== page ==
Therefore, when multiple bid situation is disclosed, the listing licensee can't withhold the information if  one of the offers is produced by him.

    The Code of Ethics is not adopted to penalize offending parties and to reward the aggrieved parties. This is not the primary purpose and intent of its adoption. 

    In the Preamble, the term Realtor has come to connote competency, fairness, and high integrity resulting from adherence to a lofty ideal of moral conduct in business relations.

    "In the interpretation of this obligation, Realtors can take no safer guide than that which has been handed down through the centuries, emnodied in the Golden Rule, "Whatsoever ye would that others should do to you, do ye even so to them." ( National Association of Realtors,Code of Ethics and Arbitration Manual 2013, NAR, Chicago, USA, 2013. p.5).

    The Golden Rule is also written as "Do unto others, what you want others do unto you."

    In the conduct of our profession, when in doubt, think first then act keeping the prime directive in mind.

    I personally love Immanuel Kant's philosophy, "Human individuals are ends, and do not use them as means to your end."

    - See more at: http://activerain.com/blogsview/4209044/the-code-of-ethics-is-ever-changing#sthash.d9uuFpL7.dpuf
  • Absorbing the Absorption Rate

    Posted Under: Agent2Agent in Manchester  |  September 11, 2013 3:38 PM  |  384 views  |  2 comments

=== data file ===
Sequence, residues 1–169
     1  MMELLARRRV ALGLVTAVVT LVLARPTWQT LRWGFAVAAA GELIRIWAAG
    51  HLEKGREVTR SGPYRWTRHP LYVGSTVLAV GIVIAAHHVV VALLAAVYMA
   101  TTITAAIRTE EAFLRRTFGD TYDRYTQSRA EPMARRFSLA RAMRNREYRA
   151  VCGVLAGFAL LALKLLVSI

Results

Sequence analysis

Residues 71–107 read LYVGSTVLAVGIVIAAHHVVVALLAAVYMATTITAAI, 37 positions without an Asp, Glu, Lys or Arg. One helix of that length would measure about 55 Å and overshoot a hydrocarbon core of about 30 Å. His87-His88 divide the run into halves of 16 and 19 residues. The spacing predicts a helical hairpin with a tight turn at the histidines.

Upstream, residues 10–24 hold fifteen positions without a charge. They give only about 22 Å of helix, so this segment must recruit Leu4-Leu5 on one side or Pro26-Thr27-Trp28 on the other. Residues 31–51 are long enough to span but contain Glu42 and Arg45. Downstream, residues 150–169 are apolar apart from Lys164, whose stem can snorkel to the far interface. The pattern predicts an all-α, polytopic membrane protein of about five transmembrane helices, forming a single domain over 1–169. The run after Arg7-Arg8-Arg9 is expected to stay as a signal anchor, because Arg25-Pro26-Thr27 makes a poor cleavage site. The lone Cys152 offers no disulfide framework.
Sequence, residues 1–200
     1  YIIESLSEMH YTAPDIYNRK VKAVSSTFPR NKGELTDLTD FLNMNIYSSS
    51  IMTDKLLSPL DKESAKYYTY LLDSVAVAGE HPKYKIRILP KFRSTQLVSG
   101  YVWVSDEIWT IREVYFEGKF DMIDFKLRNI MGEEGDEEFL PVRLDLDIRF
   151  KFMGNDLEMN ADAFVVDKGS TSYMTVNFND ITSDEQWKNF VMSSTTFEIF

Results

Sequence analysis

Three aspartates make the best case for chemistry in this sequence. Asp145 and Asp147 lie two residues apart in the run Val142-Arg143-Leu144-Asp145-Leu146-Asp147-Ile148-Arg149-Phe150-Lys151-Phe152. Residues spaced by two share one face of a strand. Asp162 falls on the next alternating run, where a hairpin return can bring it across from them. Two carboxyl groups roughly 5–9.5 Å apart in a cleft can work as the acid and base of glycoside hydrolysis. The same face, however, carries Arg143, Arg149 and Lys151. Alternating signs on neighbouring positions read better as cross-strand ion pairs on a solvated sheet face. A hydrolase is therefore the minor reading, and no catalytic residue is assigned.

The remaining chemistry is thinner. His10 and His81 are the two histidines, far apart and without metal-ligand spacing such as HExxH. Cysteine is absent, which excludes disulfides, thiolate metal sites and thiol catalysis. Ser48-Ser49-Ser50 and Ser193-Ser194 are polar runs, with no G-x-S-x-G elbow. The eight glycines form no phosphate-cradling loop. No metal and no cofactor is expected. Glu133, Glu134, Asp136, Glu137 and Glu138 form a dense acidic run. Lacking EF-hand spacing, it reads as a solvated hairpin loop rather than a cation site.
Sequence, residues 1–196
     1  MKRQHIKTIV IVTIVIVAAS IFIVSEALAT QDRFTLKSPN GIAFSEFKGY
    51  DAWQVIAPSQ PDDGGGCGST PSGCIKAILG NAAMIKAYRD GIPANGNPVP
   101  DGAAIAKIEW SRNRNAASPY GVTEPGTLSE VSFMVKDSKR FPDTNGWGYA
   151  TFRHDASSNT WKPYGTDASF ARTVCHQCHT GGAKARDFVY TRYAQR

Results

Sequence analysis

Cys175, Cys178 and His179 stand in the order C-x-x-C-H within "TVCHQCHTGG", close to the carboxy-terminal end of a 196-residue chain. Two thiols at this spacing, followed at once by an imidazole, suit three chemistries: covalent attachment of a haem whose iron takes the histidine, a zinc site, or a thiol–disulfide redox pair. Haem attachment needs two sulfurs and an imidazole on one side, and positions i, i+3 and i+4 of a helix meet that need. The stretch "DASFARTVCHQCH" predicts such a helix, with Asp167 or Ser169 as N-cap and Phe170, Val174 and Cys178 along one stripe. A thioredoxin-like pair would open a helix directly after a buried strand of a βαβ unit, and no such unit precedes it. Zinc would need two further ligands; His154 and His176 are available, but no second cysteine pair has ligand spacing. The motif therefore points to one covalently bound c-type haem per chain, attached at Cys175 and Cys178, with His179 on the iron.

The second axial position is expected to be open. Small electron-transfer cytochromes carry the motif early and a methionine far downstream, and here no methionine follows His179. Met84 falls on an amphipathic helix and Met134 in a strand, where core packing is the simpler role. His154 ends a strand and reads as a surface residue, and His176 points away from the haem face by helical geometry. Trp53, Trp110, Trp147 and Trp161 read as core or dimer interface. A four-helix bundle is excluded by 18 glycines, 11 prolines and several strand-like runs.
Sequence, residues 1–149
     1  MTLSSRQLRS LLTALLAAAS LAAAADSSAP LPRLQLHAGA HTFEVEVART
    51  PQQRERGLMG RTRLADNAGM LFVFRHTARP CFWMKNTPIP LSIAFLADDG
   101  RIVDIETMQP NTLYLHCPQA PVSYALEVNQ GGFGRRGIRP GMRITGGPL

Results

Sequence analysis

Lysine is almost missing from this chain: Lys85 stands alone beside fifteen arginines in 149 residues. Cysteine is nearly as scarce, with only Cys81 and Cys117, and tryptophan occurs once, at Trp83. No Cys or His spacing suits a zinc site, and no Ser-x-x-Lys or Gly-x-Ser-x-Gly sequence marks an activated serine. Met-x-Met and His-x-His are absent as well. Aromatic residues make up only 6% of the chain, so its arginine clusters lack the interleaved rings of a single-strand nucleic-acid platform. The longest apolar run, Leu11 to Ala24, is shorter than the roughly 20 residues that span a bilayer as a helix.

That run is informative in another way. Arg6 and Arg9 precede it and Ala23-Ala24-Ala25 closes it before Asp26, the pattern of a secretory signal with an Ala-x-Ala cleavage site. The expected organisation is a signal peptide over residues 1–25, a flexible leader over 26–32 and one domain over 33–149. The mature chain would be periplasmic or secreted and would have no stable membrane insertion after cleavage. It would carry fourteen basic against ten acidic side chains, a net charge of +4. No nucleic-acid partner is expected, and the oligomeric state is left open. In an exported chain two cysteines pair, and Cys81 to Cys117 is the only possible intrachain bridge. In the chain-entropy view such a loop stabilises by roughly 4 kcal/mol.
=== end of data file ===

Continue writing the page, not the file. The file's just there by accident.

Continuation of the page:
Absorption Rate is defined, calculated, and formulated in many different methods leading to interpretation variations.


    It only becomes useful to the clients, prospects, or readers if the data is simple and comprehensible.


    Giving them a presentation with three decimal places or a number less than one is not easy to comprehend: See the example below that I extracted from a realtor.com website.



    The example above could have been best presented by dividing 33,163 (Number of Sold Homes) by 304 days, giving a result of 109. This means that the average number of homes sold each day is 109 instead of stating: 1 home is sold every .00917 days.


    Using the current inventory or number of active homes in the above example of 14,156 and the average sold homes per day of 109, it will take 129.87 or 130 days to deplete the current inventory provided there are no other listings that come up on the market and the current market pace remains the same.


     Moreover, there is no short-cut in calculating Absorption Rate.


    The formula above does not yield a true picture of the time-frame or period to deplete the total inventory of 30,000 units.